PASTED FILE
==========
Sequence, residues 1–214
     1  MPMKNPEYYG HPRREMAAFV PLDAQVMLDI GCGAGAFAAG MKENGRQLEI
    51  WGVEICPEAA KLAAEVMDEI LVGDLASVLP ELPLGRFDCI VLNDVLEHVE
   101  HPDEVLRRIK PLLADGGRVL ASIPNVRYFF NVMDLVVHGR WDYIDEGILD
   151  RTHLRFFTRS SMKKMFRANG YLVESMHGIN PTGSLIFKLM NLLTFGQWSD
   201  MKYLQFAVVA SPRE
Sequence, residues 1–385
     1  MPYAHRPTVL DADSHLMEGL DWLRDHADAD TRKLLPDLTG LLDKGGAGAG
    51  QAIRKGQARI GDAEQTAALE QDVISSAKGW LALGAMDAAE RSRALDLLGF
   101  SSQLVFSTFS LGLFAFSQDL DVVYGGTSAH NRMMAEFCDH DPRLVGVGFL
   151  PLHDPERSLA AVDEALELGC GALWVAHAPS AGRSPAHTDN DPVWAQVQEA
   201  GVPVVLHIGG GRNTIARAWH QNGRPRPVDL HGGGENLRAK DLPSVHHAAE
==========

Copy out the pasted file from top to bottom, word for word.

Sequence, residues 1–214
     1  MPMKNPEYYG HPRREMAAFV PLDAQVMLDI GCGAGAFAAG MKENGRQLEI
    51  WGVEICPEAA KLAAEVMDEI LVGDLASVLP ELPLGRFDCI VLNDVLEHVE
   101  HPDEVLRRIK PLLADGGRVL ASIPNVRYFF NVMDLVVHGR WDYIDEGILD
   151  RTHLRFFTRS SMKKMFRANG YLVESMHGIN PTGSLIFKLM NLLTFGQWSD
   201  MKYLQFAVVA SPRE
Sequence, residues 1–385
     1  MPYAHRPTVL DADSHLMEGL DWLRDHADAD TRKLLPDLTG LLDKGGAGAG
    51  QAIRKGQARI GDAEQTAALE QDVISSAKGW LALGAMDAAE RSRALDLLGF
   101  SSQLVFSTFS LGLFAFSQDL DVVYGGTSAH NRMMAEFCDH DPRLVGVGFL
   151  PLHDPERSLA AVDEALELGC GALWVAHAPS AGRSPAHTDN DPVWAQVQEA
   201  GVPVVLHIGG GRNTIARAWH QNGRPRPVDL HGGGENLRAK DLPSVHHAAE